15. Somm is a term that is rapidly being debased and made worthless. Now anyone can call themselves a “sommelier” Lately, the tasting room manager at a very upscale joint in Sonoma introduced himself to me as one. Then, a customer on the phone told us that she had taken a two day wine course and had received a certificate as one. Really. So, that word is now about officially meaningless. Sad.

  16. Wine Guy,

    And as a corollary, the term “wine critic” has likewise been debased — as just about anyone can call her-/himself one.

    Witness the rise of “citizen journalist” wine blogs and their questionable bona fides.

    Few meet the Malcolm Gladwell-publicized (“Outliers”) threshold of 10 years or 10,000 hours of study and practice to attain true expertise.

    Quoting this wine column . . .

    Excerpt from The Wall Street Journal “Off Duty” Section
    (March 29, 2013, Page Unknown):

    “Five Wine Blogs I Really Click With”


    By Lettie Teague
    “On Wine” Column

    “There are about 1,450 wine blogs today, of which ABOUT 1,000 ARE NONPROFESSIONAL ENDEAVORS (the rest are “industry” blogs), according to Allan Wright of the Zephyr Adventures tour operator, who has organized the 2013 Wine Bloggers Conference in North America for the past five years. But most bloggers haven’t been doing it very long: “Only 18% of [wine] bloggers today have been blogging for more than six years,” he said.”

    ~~ Bob

  17. Bob Henry says:

    From Bloomberg BusinessWeek:

    “New Wave of Sommelier Clubs Will Change How You Experience Wine”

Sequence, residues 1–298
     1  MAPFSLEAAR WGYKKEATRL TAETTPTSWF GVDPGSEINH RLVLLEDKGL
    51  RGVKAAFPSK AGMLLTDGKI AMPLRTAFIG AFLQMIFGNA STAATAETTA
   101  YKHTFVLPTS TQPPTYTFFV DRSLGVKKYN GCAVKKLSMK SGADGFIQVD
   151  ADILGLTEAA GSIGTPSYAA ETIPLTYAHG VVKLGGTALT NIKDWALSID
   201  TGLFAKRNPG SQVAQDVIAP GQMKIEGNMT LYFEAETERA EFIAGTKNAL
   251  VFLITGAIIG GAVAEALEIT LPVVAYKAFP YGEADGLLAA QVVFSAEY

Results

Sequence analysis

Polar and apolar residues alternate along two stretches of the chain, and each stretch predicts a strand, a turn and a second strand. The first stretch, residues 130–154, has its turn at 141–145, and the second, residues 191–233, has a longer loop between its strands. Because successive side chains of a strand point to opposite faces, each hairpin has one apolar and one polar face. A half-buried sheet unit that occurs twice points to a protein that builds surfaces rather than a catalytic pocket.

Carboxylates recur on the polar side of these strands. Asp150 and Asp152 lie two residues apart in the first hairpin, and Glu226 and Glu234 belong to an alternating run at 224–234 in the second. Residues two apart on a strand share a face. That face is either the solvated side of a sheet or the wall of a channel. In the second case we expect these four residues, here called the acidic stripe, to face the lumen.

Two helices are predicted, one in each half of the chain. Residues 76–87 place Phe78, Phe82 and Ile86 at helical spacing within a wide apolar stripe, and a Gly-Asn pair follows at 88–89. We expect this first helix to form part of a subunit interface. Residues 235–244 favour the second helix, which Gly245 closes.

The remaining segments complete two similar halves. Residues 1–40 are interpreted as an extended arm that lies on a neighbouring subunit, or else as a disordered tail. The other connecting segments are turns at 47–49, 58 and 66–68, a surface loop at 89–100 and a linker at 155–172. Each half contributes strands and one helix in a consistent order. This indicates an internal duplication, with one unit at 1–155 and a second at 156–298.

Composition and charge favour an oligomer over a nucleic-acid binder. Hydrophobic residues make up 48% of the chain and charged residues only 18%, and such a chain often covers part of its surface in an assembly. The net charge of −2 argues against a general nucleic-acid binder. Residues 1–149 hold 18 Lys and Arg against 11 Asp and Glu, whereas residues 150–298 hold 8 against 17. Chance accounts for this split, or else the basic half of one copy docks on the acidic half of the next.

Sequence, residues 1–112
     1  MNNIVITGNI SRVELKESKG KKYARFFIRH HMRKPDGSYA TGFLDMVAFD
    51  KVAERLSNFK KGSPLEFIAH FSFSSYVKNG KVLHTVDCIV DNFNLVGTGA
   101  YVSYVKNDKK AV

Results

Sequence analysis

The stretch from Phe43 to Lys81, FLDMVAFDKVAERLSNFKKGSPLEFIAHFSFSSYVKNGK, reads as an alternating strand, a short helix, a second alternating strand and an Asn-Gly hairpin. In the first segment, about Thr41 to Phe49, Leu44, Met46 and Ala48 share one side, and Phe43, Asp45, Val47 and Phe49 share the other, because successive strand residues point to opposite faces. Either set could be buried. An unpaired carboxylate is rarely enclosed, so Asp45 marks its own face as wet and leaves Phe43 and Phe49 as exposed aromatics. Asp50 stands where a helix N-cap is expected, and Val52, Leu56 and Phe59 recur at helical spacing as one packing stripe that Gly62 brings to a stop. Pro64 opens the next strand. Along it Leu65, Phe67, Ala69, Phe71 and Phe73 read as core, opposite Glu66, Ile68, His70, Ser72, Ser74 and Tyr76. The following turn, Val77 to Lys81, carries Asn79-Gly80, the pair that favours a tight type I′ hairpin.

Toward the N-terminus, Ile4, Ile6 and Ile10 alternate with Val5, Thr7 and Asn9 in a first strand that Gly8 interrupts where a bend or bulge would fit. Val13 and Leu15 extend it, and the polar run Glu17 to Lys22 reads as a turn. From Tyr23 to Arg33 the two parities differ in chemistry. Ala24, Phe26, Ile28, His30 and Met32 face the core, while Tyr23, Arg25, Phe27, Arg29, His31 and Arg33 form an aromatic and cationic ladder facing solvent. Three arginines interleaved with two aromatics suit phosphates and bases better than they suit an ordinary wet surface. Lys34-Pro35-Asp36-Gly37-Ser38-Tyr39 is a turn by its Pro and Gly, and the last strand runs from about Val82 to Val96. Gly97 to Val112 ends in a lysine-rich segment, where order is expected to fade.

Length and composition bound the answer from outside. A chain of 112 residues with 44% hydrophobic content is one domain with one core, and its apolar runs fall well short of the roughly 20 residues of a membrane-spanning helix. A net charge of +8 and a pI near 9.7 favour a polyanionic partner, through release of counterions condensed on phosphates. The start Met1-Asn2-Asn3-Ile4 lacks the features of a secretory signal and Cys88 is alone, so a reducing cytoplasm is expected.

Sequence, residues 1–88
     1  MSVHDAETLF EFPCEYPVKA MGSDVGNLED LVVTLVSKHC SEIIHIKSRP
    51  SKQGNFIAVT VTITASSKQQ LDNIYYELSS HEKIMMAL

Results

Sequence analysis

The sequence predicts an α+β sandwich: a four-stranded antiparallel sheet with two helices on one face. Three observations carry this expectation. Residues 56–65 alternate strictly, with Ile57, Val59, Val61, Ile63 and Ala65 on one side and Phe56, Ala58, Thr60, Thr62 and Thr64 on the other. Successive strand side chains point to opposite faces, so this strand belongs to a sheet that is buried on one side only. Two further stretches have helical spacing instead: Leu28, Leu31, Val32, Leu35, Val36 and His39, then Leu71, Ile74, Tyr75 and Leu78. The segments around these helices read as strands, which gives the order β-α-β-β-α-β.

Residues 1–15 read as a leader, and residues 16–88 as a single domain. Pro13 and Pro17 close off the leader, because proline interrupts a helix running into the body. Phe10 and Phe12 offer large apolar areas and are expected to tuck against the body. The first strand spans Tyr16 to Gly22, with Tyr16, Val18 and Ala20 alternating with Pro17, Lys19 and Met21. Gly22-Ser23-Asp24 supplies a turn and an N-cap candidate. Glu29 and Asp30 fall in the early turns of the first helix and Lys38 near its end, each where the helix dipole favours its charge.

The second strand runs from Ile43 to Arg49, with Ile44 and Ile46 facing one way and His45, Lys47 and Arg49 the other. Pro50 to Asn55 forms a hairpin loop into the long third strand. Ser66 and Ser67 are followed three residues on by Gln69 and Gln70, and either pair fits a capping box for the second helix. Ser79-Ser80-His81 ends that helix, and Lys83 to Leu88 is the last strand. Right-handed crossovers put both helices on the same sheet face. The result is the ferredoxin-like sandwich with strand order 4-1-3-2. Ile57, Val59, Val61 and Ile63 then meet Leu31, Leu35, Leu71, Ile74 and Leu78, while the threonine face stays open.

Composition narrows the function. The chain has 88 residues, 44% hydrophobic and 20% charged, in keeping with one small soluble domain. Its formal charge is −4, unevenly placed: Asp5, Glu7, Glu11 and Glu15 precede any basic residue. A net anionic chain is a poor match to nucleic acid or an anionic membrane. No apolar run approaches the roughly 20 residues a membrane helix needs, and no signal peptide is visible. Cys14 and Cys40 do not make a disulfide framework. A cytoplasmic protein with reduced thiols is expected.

With my apology to Groucho Marx:

    “I don’t want to belong to any club that would accept me as one of its members.”

  18. The vast majority of Americans when they dine out do so at quick-service (a.k.a. fast food) restaurants and chains like IHOP and Denny’s and Olive Garden.

    Patronizing fine dining restaurants that have sommeliers is perhaps a once or twice a year “special occasion.”

    Consequently, the role of sommeliers as wine “opinion leaders” and “taste makers” is wildly overstated.

    The true “opinion leaders” and “taste makers” are your local wine merchants.

    And the importance of in-store selling is revealed in this news report.

    From MediaPost
    (December 8, 2016):

    “40% Of Alcohol Beverage Buyers Make Their Decisions In-Store”



    “Fully 40% of U.S. consumers who buy alcoholic beverages haven’t decided what they’re going to purchase when they walk into the store, according to a new study from IRI.

    “Of the 60% who do have a planned beverage purchase, 21% end up changing their minds in store, and 50% of those who change their minds ultimately buy a different brand than they originally intended.

    . . .

    “All of which points to ‘immense’ opportunities for alcohol manufacturers to find new pockets of growth by engaging and influencing consumers while they’re in the store, point out IRI’s analysts.

    “Beer, wine and spirits manufacturers are increasingly aware of the importance of working with retailers to win over consumers, according to Robert I. Tomei, president of consumer and shopper marketing for IRI. ‘When you consider how often most shoppers are going to the store, and that 21% of them change their minds during the shopping trip, you realize the impact that in-store signage, creative labeling and other marketing could have on your portfolio,’ he stresses.”